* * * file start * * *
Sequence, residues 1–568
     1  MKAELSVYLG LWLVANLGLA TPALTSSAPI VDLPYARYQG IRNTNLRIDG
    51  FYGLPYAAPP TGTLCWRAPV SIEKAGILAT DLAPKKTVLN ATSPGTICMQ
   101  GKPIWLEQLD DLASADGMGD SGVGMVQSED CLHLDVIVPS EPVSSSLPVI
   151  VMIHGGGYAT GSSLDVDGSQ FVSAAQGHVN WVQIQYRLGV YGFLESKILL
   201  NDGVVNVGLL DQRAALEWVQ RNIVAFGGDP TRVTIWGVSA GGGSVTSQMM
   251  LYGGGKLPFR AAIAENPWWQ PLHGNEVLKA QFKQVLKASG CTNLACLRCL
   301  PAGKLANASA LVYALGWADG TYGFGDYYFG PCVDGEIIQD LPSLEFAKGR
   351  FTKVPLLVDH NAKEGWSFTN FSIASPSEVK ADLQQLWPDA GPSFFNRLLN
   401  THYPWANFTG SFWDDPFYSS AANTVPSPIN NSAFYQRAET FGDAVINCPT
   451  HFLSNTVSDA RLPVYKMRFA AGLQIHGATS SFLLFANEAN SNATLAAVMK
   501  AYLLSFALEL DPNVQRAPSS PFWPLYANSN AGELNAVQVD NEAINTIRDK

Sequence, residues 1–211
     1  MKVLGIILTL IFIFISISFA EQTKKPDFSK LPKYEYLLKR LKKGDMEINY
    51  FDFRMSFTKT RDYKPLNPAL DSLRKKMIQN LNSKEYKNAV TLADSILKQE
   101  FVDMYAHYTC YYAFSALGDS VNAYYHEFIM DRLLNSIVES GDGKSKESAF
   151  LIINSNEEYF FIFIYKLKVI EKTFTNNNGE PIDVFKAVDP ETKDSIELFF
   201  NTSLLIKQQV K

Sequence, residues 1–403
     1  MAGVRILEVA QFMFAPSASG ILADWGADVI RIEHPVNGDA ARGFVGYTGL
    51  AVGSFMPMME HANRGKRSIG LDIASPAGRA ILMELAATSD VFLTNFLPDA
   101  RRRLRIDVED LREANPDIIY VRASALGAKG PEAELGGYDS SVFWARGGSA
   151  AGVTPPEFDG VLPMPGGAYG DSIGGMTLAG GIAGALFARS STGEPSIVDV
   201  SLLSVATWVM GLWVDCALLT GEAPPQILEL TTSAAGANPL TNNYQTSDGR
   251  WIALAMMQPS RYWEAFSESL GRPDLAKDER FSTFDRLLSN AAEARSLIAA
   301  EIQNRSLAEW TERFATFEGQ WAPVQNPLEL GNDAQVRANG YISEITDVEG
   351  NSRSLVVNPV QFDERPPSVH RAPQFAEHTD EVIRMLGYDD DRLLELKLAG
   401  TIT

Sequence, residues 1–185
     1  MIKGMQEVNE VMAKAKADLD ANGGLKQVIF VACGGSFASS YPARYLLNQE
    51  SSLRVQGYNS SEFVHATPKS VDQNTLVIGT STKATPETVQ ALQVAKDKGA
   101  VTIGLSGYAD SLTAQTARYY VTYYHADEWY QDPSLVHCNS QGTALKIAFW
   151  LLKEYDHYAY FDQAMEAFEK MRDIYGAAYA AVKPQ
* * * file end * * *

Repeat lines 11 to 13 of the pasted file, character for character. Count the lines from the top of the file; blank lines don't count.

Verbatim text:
   451  HFLSNTVSDA RLPVYKMRFA AGLQIHGATS SFLLFANEAN SNATLAAVMK
   501  AYLLSFALEL DPNVQRAPSS PFWPLYANSN AGELNAVQVD NEAINTIRDK

Sequence, residues 1–211